Villagers cherish colonial jail turned into technical institute - Beaking Kenya News

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Wednesday, 2 September 2020

Villagers cherish colonial jail turned into technical institute

 

A few old people in Kigumo, Murang’a County, remember how colonial officials used to frog-march Mau Mau freedom fighters to the local jail to start their prison terms after being convicted of “terror-like” activities.

Mzee Njaramba Mbiu, 86, whose home neighbours the institution, recalls how every time he heard gunshots from the prison, he would know either there was a raid by Mau Mau fighters trying to free their comrades, or, there was an attempt by the inmates to escape.

“The facility is today 99 years old since it was built in 1901 as a jail for offenders. But it became a Mau Mau specialised jail in 1922 and was officially closed in 1964, a year after Kenya attained independence,” says Kigumo Deputy County Commissioner Margaret Maina.

The place was in 1993 condemned as unfit for human habitation owing to its age and structural condition.

“But area residents would hear none of it. They opposed any move to demolish the structures in the compound, saying they had to be preserved as an important phase of their history,” she adds.

A resolution by area residents

To that end, a resolution by area residents was arrived at in 1994 that the institution be transformed into a youth empowerment centre as a monument of the freedom struggles that sought to empower locals to be truly independent. It is now the Kigumo Vocational Education Training Institute.

Education Chief Administrative Secretary Zack Kinuthia, whose village neighbours the institute, says he is soliciting funds to rehabilitate it.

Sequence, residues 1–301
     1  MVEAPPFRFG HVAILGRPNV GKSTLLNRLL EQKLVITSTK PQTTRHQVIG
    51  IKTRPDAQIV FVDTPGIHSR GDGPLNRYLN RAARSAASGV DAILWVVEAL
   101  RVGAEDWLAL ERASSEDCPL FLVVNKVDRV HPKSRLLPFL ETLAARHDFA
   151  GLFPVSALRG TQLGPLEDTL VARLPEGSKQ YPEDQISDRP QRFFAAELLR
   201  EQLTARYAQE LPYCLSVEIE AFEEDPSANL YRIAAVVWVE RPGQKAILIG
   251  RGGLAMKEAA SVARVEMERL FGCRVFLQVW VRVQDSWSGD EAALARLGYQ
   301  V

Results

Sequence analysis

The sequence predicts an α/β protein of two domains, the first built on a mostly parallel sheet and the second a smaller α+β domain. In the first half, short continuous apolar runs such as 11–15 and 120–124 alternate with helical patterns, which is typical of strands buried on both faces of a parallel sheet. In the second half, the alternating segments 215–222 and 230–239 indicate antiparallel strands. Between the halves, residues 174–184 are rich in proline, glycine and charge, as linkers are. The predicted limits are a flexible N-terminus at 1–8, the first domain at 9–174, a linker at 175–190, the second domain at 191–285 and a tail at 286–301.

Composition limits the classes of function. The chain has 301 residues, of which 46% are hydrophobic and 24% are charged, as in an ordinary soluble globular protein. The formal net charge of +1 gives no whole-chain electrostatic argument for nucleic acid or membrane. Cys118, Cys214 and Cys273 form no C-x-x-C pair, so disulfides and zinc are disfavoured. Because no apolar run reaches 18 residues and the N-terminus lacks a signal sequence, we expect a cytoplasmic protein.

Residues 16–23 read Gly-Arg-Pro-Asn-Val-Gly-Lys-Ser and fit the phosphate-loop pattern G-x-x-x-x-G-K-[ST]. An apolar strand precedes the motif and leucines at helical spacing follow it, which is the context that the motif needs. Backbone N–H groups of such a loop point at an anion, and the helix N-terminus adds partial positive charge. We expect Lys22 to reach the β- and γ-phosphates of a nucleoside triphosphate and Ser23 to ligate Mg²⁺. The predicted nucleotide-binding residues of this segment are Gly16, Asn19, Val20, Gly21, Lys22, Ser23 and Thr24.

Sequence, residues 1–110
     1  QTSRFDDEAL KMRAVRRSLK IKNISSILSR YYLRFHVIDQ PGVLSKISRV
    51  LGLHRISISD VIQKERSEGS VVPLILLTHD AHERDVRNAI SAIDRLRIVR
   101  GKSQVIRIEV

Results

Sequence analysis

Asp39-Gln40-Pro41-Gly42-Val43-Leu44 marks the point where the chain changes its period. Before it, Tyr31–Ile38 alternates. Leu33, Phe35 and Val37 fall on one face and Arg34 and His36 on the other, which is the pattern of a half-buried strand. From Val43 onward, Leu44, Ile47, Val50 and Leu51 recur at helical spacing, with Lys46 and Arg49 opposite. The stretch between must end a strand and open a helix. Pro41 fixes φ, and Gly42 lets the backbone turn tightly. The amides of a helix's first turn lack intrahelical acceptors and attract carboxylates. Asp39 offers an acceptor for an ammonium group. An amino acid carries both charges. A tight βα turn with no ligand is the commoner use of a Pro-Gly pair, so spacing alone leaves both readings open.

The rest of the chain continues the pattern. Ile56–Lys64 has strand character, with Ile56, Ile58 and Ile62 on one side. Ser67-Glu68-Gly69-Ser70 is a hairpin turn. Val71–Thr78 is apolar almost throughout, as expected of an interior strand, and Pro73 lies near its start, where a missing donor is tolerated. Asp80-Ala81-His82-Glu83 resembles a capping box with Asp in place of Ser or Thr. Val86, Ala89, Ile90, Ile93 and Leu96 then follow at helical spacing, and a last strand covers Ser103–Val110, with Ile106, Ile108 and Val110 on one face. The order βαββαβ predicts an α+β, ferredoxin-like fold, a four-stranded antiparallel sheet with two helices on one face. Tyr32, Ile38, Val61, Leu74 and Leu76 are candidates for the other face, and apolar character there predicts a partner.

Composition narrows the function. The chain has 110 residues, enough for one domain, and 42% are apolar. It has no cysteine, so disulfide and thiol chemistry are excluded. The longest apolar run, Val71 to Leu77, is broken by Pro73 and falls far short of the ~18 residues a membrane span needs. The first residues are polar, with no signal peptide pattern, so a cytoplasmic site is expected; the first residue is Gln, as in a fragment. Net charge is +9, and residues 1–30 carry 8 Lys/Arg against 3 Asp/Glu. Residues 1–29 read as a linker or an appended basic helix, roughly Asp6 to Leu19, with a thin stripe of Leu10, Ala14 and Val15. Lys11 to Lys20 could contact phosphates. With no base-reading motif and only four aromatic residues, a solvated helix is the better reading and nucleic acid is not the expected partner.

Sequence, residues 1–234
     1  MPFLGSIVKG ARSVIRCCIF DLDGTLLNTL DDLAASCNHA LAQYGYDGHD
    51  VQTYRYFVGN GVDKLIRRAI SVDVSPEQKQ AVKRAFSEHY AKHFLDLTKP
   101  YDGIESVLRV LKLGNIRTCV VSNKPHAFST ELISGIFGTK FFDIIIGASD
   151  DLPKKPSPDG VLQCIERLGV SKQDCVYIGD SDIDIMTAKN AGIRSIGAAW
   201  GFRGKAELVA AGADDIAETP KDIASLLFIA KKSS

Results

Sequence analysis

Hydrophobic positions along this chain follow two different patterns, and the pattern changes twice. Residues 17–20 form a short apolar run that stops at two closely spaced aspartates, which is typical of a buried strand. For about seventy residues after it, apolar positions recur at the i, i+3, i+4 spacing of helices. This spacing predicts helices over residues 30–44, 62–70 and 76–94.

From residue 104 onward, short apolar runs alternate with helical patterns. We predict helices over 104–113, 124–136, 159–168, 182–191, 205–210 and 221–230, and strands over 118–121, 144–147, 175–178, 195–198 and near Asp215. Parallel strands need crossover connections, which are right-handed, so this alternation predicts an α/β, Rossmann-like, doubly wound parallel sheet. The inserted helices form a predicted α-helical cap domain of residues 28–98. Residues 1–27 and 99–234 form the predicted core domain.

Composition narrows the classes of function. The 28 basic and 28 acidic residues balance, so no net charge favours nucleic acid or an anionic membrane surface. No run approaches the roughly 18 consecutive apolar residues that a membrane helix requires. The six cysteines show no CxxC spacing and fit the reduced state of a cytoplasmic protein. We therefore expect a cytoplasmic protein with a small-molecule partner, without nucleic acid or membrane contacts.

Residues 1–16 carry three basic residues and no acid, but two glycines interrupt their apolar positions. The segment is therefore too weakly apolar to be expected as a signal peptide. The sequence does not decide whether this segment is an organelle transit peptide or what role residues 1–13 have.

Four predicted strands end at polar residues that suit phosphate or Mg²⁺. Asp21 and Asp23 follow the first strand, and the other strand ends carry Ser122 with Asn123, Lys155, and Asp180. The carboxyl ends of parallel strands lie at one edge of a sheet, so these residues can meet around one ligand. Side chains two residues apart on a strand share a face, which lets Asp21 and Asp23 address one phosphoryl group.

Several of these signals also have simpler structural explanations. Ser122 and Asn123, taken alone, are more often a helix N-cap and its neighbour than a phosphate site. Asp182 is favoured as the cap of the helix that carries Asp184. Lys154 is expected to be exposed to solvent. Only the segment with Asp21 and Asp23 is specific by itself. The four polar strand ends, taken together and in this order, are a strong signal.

“We have a tentative budget of Sh50 million needed for Phase One of the rehabilitation drive that will see us establish safe laboratories and an administration block. For total overhaul of the place to ensure its status matches its rich history, we need at least Sh120 million,” he adds.

Mwangi Muiruri | Nation Media Group

The manager, Mr John Mbote.

While the institute is under the Murang’a County Government, courses offered there are funded by the national government.

“We have to strike a collaboration formula on how to share out the bill. But I have committed myself to request the Presidential Service Delivery Unit to assist us with some cash … President Uhuru Kenyatta is very passionate on matters that seek to safeguard self-rule history since his father, as the founding father of the nation was involved in the freedom fight,” says Mr Kinuthia.

He has also linked the institute with the Directorate of Vocational Education Training so that efforts can be made to increase subsidy allocation for its courses.

“The cash is remitted depending on the number of trainees. For instance, the directorate sends Sh15,000 per trainee … to mean, the higher the intake, the higher the cash to be received. It is for that reason that we are now seeking the assistance of area administrators to give us more numbers as intake so that we can increase funding.”

Currently, the school offers hairdressing, building, tailoring and carpentry courses.

The manager, Mr John Mbote, says the most urgent courses to align it with modern economic trends are information technology, plumbing, motor vehicle engineering, and electrical engineering, as well as painting.

Sits on five acres

The institute sits on five acres of land capable of hosting a modern training college that can pursue partnerships with technical universities.

“This is a facility so much loved by our neighbours since it reminds them that the struggles for self-rule were real. They feel proud to be associated with a place that used to be a jail for their freedom fighters and they feel equally proud that their children can today walk into it and for free and be empowered with technical abilities to eke out a living,” says Mr Kinuthia.

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